Special Issue "Sources, Formation and Impacts of Secondary Aerosol"

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A special issue of Atmosphere (ISSN 2073-4433).

Deadline for manuscript submissions: 30 June 2015

Special Issue Editors

Guest Editor
Prof. Dr. Junji Cao
Key Laboratory of Aerosol Chemistry & Physics, Chinese Academy of Sciences, No. 10 Fenghui South Road, High-Tech Zone Xi’an 710075, China
E-Mail: cao@loess.llqg.ac.cn
Phone: +86-29-8832-6488
Fax: +86-29-8832-0456
Interests: PM2.5, Haze pollution, Source apportionment, Air quality

Guest Editor
Dr. Ru-Jin Huang
Laboratory of Atmospheric Chemistry, Paul Scherrer Institute(PSI), 5232 Villigen, Switzerland
E-Mail: rujin.huang@psi.ch
Phone: +41-56-310-2356
Interests: secondary organic aerosol, source apportionment, new particle formation, heterogeneous chemistry, mass spectrometry

Guest Editor
Prof. Dr. Guohui Li
Institute of Earth Environment, Chinese Academy of Sciences, No. 99 Yanxiang Rd, Qujiang Zone Xi’an 710061, China
E-Mail: ligh@ieecas.cn
Interests: numerical simulation, human health, climatic impact

Special Issue Information

Dear Colleagues,

Atmospheric aerosol particles strongly affect air quality and human health. They are the main cause of severe haze pollution in Eastern-Southern Asia and induced ~7 million premature deaths in 2012, as recently reported by the World Health Organization (WHO). Aerosol is also the most uncertain component in the radiative forcing of climate. A quantitative understanding of these impacts requires a detailed knowledge of the particle sources and composition, atmospheric transformation, and physical/chemical properties. However, such quantification has proven to be a challenging task, due in part to the major uncertainties in the production and atmospheric aging of secondary aerosol.

Numerous studies have shown that organic aerosol typically constitutes 20-90% of the total submicron aerosol. Organic aerosol can be directly emitted (primary organic aerosol, POA), or formed by atmospheric reactions of gas-phase precursors, of either biogenic or anthropogenic origin (secondary organic aerosol, SOA). Organic aerosol is typically dominated by SOA even in near-source regions, thus highlighting the important effects of rapid aging processes on aerosol concentrations and physical/chemical properties.

Considerable advances have been made in the past decade in terms of better understanding of atmospheric aerosol and its impacts. However, more studies are needed, especially those concerning the sources, formation, and transformation of secondary aerosols and their impacts on human health and climate. Manuscripts on these aspects are welcome for this Special Issue.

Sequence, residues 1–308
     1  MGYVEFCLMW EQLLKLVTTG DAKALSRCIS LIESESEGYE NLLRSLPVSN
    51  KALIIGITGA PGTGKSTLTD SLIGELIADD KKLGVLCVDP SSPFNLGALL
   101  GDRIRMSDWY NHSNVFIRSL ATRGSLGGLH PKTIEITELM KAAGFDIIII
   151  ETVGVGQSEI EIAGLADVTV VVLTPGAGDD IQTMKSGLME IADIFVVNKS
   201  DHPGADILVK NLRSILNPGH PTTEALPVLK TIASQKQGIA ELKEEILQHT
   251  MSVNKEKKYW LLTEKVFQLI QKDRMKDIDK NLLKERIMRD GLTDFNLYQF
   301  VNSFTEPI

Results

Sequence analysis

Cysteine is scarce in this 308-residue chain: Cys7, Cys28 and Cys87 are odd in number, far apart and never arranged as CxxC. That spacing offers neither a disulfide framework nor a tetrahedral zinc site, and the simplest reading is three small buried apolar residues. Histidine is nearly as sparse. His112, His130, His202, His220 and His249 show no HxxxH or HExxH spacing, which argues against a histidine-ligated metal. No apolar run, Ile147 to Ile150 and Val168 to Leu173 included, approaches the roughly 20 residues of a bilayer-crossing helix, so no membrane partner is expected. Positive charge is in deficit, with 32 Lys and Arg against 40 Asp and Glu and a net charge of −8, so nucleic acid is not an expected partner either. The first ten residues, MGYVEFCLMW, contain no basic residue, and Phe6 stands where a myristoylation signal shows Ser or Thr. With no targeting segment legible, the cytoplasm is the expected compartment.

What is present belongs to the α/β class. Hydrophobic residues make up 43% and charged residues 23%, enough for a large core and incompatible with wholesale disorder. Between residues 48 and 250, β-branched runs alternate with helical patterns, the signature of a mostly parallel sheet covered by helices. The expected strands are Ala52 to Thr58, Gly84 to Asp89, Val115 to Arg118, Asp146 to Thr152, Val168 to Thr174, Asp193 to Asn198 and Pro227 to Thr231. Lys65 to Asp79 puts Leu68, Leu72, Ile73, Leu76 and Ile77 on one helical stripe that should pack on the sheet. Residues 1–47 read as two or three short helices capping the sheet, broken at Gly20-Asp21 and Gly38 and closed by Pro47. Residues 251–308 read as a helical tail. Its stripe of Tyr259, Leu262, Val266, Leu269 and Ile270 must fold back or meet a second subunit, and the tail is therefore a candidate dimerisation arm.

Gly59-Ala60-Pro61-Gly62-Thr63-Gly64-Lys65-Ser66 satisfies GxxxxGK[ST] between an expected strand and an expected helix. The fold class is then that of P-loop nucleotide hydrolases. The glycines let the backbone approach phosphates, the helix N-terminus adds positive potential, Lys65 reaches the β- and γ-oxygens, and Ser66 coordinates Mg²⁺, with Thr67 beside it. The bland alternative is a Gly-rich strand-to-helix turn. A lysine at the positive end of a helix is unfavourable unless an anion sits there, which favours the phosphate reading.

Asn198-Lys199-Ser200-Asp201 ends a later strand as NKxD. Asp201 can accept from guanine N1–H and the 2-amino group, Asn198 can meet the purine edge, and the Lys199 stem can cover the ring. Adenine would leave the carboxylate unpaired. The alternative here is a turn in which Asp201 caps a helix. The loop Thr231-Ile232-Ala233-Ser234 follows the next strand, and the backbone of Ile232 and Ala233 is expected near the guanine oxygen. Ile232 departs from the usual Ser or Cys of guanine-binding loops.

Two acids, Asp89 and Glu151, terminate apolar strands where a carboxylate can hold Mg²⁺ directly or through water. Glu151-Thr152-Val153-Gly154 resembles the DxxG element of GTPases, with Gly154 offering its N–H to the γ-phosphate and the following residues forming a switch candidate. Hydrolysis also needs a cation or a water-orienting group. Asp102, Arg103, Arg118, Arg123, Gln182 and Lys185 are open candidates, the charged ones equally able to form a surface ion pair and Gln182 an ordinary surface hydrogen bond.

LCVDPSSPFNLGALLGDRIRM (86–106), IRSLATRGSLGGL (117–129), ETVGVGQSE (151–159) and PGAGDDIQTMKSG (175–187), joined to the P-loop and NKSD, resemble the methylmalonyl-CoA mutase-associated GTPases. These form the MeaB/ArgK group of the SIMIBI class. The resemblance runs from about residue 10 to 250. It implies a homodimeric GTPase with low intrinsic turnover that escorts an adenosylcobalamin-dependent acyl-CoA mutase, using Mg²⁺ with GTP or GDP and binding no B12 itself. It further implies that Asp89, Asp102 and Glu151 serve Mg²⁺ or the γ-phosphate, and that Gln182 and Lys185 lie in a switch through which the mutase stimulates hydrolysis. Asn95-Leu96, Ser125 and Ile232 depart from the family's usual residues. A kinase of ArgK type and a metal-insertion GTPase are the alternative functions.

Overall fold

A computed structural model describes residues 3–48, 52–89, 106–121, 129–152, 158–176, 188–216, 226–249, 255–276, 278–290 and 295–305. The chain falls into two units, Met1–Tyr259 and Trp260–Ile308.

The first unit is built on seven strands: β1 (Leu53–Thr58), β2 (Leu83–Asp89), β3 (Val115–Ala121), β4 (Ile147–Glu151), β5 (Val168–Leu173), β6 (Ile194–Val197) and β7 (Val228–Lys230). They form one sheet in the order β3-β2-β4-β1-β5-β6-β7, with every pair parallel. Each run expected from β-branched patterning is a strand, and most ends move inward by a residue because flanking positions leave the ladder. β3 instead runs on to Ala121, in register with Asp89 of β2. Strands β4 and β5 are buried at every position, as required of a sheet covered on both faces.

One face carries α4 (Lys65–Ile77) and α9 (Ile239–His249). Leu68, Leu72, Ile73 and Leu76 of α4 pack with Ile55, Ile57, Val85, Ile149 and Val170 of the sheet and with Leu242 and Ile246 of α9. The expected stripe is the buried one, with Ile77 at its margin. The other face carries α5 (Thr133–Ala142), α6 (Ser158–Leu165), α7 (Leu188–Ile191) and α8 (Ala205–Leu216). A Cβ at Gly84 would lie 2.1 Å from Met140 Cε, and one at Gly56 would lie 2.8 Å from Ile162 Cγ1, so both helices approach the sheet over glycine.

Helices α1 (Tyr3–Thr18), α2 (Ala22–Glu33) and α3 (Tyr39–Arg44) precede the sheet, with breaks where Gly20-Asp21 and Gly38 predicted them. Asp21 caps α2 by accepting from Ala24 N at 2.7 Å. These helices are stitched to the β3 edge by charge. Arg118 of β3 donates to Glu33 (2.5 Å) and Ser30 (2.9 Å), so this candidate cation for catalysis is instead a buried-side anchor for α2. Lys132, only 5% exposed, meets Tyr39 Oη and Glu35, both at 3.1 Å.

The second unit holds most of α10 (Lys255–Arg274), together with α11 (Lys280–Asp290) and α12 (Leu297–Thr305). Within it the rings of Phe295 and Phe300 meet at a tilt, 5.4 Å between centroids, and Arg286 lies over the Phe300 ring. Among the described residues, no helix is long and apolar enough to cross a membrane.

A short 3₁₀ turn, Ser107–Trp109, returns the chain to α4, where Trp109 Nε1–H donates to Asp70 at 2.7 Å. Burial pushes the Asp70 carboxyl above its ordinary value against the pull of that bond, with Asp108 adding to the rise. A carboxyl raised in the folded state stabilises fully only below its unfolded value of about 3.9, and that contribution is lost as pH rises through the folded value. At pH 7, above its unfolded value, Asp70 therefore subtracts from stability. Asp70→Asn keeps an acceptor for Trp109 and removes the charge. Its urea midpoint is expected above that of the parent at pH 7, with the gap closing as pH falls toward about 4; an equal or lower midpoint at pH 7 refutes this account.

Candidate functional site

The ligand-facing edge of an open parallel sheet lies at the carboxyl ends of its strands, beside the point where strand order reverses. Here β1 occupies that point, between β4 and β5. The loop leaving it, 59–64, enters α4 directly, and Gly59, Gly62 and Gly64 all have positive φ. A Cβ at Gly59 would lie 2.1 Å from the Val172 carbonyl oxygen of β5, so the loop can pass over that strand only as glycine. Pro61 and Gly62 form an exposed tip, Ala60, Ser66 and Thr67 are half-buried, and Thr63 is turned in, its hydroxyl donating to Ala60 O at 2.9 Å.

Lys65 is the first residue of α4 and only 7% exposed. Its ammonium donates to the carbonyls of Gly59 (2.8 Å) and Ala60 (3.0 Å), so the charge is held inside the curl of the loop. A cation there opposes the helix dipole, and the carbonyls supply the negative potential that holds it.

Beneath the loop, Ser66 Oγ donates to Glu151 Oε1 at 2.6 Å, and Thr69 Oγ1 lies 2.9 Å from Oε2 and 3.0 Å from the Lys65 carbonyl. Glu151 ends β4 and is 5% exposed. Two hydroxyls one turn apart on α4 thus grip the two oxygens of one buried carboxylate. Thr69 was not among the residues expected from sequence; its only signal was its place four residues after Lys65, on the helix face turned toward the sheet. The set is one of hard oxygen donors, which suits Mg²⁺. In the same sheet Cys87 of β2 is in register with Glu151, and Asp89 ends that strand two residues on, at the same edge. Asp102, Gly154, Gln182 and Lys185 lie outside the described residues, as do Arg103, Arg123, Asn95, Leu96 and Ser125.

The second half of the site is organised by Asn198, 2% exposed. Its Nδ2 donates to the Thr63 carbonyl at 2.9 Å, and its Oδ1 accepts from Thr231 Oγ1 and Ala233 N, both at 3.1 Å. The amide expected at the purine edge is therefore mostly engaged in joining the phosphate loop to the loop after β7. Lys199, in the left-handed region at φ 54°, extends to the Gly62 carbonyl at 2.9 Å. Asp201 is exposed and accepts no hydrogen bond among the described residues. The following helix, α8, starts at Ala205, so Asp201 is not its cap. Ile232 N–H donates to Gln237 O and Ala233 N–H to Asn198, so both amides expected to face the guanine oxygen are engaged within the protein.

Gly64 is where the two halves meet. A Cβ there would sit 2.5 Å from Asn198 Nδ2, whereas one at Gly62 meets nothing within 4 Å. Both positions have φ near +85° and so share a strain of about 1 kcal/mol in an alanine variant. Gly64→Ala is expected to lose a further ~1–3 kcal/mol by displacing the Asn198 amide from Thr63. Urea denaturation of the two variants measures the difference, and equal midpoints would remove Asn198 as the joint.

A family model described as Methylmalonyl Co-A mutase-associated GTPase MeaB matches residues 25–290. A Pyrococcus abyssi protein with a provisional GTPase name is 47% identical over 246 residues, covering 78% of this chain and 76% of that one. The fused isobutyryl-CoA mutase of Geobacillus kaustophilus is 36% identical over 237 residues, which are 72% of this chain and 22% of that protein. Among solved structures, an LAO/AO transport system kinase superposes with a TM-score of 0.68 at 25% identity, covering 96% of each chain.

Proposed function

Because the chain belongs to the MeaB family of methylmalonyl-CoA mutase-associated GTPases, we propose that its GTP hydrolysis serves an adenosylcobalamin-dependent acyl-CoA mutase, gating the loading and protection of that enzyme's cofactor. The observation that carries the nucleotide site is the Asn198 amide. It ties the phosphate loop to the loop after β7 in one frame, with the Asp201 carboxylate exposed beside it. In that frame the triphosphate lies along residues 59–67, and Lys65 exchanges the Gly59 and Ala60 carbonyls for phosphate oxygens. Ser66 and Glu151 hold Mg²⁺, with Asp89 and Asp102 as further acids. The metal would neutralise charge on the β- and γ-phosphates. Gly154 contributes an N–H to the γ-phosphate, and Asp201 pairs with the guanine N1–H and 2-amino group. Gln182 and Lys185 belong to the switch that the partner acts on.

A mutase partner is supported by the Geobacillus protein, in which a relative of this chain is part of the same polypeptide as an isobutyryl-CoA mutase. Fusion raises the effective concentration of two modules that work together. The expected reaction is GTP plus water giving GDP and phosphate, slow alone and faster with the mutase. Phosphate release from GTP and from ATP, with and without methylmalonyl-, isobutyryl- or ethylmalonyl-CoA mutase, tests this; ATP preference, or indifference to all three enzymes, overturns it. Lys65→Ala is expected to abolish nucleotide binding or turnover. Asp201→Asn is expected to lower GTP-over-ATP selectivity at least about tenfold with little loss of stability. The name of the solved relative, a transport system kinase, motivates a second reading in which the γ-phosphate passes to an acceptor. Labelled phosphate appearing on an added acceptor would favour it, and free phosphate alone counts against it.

Prof. Dr. Junji Cao
Dr. Ru-Jin Huang
Prof. Dr. Guohui Li
Guest Editors

Submission

Manuscripts should be submitted online at www.mdpi.com by registering and logging in to this website. Once you are registered, click here to go to the submission form. Manuscripts can be submitted until the deadline. Papers will be published continuously (as soon as accepted) and will be listed together on the special issue website. Research articles, review articles as well as communications are invited. For planned papers, a title and short abstract (about 100 words) can be sent to the Editorial Office for announcement on this website.

Submitted manuscripts should not have been published previously, nor be under consideration for publication elsewhere (except conference proceedings papers). All manuscripts are refereed through a peer-review process. A guide for authors and other relevant information for submission of manuscripts is available on the Instructions for Authors page. Atmosphere is an international peer-reviewed Open Access quarterly journal published by MDPI.

Please visit the Instructions for Authors page before submitting a manuscript. The Article Processing Charge (APC) for publication in this open access journal is 500 CHF (Swiss Francs). English correction and/or formatting fees of 250 CHF (Swiss Francs) will be charged in certain cases for those articles accepted for publication that require extensive additional formatting and/or English corrections.

Published Papers

No papers have been published in this special issue yet.

Last update: 9 December 2014

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